On World Book Day, Catalonians exchange roses and books. But it's also become a time to take sides on Catalonia's bid to secede from Spain - a referendum may take place in November, despite being unconstitutional.
Bouquets of red roses adorning flower stands at the Placa de Catalunya have transformed Barcelona's downtown into a dark red sea. In Catalonia, it's customary to exchange red roses and books on April 23.
But by now, those roses have become synonymous with certain political convictions. Bouquet wrappings are imprinted with the Catalonian flag - some even with a star, standing for the demand for independence.
At his Barcelona flower stand selling such bouquets, Roger Fernandez proclaimed that Catalonians should be allowed to vote on independence from Spain November 9 this year. He added a warning: "People have high expectations, but I don't really believe that there will be significant changes. After all, we know how the economic system works."
What is certainly doubtful is whether or not such a referendum will actually take place. Spain's constitutional court has already declared that a referendum on Catalonian independence would be unconstitutional. Although the constitution grants a degree of autonomy to Spain's various regions, it also spells out Spain's indivisibility. All its citizens are Spaniards - not just some.
The Spanish parliament rejected a referendum on Catalonian independence at the beginning of this month. That, however, failed to dissuade Catalonia's head of government, Artur Mas, from carrying out his plan to hold the referendum on November 9. He said that should Spanish law rule out such an endeavor, he would ask the regional Catalonian parliament to legitimize it.
'Good for Catalonia and good for Spain'
Mas emphasized that although such a referendum would not be legally binding, he would try to negotiate with Spain, should a large majority speak out in favor of secession. If that were the case, Mas said, the European Union should also try to negotiate a solution that is "good for Catalonia, good for Spain, and also good for Europe."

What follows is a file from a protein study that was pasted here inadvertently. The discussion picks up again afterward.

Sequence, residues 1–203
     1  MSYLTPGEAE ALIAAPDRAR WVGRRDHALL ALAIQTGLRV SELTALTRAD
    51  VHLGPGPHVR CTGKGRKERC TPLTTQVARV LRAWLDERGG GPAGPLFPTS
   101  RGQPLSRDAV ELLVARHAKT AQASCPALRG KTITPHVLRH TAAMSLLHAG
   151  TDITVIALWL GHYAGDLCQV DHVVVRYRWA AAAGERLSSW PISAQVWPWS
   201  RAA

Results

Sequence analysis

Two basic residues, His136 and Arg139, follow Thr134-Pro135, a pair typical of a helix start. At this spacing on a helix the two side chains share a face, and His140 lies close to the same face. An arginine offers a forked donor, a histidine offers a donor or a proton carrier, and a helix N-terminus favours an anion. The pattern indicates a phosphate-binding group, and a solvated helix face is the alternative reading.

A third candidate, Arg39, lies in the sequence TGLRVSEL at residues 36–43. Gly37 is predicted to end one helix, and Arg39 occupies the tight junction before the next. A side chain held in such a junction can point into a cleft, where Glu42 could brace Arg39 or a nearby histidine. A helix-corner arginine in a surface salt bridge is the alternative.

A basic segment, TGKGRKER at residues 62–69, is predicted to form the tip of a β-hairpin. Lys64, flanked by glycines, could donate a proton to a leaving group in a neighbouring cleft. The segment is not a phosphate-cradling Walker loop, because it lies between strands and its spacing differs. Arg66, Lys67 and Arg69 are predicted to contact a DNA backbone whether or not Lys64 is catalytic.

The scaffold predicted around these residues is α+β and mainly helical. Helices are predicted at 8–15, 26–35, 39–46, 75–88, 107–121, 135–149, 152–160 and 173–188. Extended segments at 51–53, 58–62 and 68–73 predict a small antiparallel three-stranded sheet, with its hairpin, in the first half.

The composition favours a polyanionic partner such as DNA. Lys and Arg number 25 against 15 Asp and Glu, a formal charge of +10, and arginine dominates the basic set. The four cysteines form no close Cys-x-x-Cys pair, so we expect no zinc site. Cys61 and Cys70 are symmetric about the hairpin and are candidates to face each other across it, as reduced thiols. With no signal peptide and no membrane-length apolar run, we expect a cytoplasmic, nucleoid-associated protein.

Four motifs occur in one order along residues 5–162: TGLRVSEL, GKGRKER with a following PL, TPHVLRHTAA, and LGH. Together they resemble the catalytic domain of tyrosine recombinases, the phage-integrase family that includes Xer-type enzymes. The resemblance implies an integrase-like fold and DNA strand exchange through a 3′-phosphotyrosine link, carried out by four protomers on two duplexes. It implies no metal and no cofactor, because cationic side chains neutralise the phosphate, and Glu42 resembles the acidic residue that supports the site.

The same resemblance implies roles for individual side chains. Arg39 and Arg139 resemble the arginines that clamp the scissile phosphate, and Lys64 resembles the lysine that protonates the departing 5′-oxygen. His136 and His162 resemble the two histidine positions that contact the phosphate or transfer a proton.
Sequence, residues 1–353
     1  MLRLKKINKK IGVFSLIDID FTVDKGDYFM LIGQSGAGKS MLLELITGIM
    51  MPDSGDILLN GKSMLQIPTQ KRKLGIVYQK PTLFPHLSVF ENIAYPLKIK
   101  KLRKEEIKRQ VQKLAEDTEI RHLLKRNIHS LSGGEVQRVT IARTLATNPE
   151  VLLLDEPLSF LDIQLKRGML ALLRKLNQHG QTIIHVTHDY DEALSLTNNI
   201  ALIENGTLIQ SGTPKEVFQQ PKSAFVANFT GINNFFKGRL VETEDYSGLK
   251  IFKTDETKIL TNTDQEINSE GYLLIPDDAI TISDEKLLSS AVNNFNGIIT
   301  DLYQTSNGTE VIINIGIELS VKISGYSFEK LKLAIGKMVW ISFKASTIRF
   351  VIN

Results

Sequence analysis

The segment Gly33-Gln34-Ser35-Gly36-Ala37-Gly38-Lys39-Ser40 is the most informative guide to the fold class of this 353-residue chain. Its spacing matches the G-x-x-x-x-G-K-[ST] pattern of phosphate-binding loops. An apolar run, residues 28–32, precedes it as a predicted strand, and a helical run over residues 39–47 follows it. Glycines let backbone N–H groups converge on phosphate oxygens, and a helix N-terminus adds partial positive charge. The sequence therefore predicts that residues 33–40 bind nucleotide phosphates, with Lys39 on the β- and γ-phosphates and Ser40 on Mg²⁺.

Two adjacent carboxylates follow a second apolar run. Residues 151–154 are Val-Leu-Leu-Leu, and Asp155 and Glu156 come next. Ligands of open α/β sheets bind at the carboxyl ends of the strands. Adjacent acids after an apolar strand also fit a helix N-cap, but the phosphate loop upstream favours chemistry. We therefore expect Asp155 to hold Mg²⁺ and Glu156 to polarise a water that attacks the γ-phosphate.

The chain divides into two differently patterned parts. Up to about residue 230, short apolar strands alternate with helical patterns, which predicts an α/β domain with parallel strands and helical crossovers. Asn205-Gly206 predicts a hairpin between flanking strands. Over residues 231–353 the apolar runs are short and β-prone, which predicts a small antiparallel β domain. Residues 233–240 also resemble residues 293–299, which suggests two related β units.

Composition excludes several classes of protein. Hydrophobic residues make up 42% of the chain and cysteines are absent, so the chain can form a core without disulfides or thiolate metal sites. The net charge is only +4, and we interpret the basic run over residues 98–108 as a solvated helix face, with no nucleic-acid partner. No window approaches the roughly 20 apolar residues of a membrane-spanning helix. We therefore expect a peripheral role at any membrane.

In order to confer more weight to his endeavor,on World Book Day Mas invited international media representatives to his government palace downtown Barcelona - a move that was interpreted by the Spanish media as an attempt to internationalize the conflict.
Most EU states, however, consider the conflict an internal Spanish issue, and tell the Catalonians to take their problems to the Spanish government. Members of the European Commission have reiterated that an independent Catalonia would not automatically become a member of the European Union, as the acceptance of any new member state must be agreed upon unanimously by all member states - including Spain.
None of the parties has officially rejected dialogue. However, the head of the Spanish government, Mariano Rajoy, has called on Mas to give up the referendum before negotiations can take place, in respect of his country's constitution.
The Catalonian leader retorted that he only wants to negotiate with Madrid regarding the referendum, arguing that 80 percent of representatives in the Catalonian parliament voted in favor of it.
But not all Catalonians are adhering to a nationalistic course. The Catalonian socialists, for example, demand a constitutional amendment that would transform the Spain from its present 17 "autonomous communities" into a true federal state.
The autonomous communities currently negotiate bilaterally with Madrid on their rights and responsibilities, including on financial matters. A federal state, like that of Germany, would replace the Catalonian parliament with a regional chamber. This proposal, however, appears rather complicated when compared with the more simplistic approaches of either Madrid or Barcelona.
While Artur Mas tried to turn World Book Day into a platform for his secessionist cause, authors were rather trying to sell their books on every street corner. Among them is Catalonian philosophy professor Manuel Cruz, whose latest work critically examines the internally-oriented Catalonian society.
For quite some time now, Cruz explained, the main issue dominating public debate in Catalonia is the question of independence. "And people seem to be convinced that the entire world must be interested in our cause - navel-gazing on a grand scale," Cruz declared.
Cruz recalled that Artur Mas sent letters to all European governments - and got almost no response at all. "But when you watch regional television programs, you get the impression that the entire world is looking to what's happening here," he said. "We tend to view ourselves contentedly, immune to any kind of criticism," the philosopher noted.
Flower vender Merche is another who refuses to join the secessionist movement. Last year, she didn't sell flowers in wrappers adorned with the star of independence. "I am not in favor of independence," she said - even if that means less business. In the old days, she recounted, she used to sell at least 500 roses on the World Book Day - but nowadays, it's not even 100.